Robin Williams Suffered Dementia in His Final Days, New Book Reveals

Robin Williams suffered from dementia in his final days, according to a new biography of the beloved comedian coming out this month.

According to New York Times reporter Dave Itzkoff's new book Robin, the Oscar-winner was first diagnosed with Parkinson's disease. However, his behavior did not match the symptoms of that disease. He was later correctly diagnosed with diffuse Lewy body dementia, a condition that effects memory, thinking, emotions and body movements.

Williams began exhibiting behavior that caused some to think he was using drugs or alcohol, Itzkoff writes, reports Deadline. He would cry uncontrollably, forget lines and suffered from a "shuffling gait" while making his final projects.

“He was sobbing in my arms at the end of every day. It was horrible. Horrible,” Cheri Minns, a makeup artist who worked with Williams on Night at the Museum: Secret of the Tomb, told Itzkoff. “I said to his people, ‘I’m a makeup artist. I don’t have the capacity to deal with what’s happening to him.’"

Minns said he told Williams he should get back into stand-up comedy to help his depression, but Williams rejected the idea. “He just cried and said, ‘I can’t, Cheri. I don’t know how anymore. I don’t know how to be funny,'" Minss recalled.

One of Williams' last projects was a return to television, starring in CBS' The Crazy Ones with Sarah Michelle Gellar. After the 2013 series was cancelled, his health took a bad turn.

“I would come home and say to my husband, ‘Something is wrong. He’s flat. He’s lost the spark. I don’t know what it is,’" Pam Dawber, who co-starred with Williams in Mork & Mindy and made an appearance on The Crazy Ones, told Itzkoff.

According to The New York Post, the book also describes other health ailments Williams faced after The Crazy Ones was cancelled. He complained about insomnia, a loss of his sense of smell, heartburn, indigestion, trouble urinating and a tremor in his left hand after a shoulder injury.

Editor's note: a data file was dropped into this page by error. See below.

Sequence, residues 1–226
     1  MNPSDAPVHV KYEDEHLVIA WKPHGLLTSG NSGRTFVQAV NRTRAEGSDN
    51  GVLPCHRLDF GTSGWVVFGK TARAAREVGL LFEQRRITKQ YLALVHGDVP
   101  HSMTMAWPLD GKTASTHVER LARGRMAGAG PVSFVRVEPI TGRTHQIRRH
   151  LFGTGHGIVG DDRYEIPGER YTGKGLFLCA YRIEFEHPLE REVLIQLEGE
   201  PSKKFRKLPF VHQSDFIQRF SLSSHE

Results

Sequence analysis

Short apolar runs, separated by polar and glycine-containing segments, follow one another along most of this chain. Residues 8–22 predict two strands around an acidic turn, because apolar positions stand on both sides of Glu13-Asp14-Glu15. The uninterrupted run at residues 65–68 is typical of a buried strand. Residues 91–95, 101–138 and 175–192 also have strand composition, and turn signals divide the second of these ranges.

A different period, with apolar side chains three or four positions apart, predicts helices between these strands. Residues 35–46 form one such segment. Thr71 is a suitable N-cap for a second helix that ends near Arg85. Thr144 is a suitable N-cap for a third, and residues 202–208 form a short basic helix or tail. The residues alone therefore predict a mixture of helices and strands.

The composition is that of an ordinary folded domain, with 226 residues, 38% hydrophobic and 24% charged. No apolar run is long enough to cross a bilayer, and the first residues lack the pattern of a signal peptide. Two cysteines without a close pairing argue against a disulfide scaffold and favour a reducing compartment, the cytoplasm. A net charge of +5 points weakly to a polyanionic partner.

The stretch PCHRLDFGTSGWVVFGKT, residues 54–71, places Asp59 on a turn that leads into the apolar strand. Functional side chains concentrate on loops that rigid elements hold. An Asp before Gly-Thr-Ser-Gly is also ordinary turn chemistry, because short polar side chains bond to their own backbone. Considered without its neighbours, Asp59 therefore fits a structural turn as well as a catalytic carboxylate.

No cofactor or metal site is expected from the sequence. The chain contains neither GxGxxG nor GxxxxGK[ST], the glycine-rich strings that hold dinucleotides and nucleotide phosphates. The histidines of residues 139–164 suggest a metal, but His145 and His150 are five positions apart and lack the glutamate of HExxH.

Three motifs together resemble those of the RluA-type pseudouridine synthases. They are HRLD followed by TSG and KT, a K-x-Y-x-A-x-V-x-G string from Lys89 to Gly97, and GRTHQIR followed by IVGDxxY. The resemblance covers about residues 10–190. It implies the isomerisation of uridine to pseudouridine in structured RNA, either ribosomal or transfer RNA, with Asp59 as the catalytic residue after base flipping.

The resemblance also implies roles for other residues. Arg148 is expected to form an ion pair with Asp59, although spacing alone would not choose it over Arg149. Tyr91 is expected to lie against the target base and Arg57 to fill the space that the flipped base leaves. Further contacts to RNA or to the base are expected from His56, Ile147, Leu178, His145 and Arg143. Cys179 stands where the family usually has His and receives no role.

“It was like playing whack-a-mole. Which symptom is it this month? I thought, is my husband a hypochondriac? We’re chasing it and there’s no answers, and by now we’d tried everything," Susan Schneider, Williams' third wife, told Itzkoff.

In a 2016 article for Neurology, Schneider also described the symptoms of Lewy bodies exhibited by Williams before his death.

"Robin was growing weary. The Parkinsonian mask was ever present and his voice was weakened. His left hand tremor was continuous now and he had a slow, shuffling gait," Schneider wrote. "He hated that he could not find the words he wanted in conversations. He would thrash at night and still had terrible insomnia. At times, he would find himself stuck in a frozen stance, unable to move, and frustrated when he came out of it. He was beginning to have trouble with visual and spatial abilities in the way of judging distance and depth. His loss of basic reasoning just added to his growing confusion."

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Williams took his own life on Aug. 11, 2014. He was an Oscar-winner, two-time Emmy winner and seven-time Golden Globe winner. He was survived by his third wife and three children, Zelda, 28; Cody, 26; and Zachary, 35.

Itzkoff's biography on Williams will be released on Tuesday, May 15. It is published by Henry Holt & Co.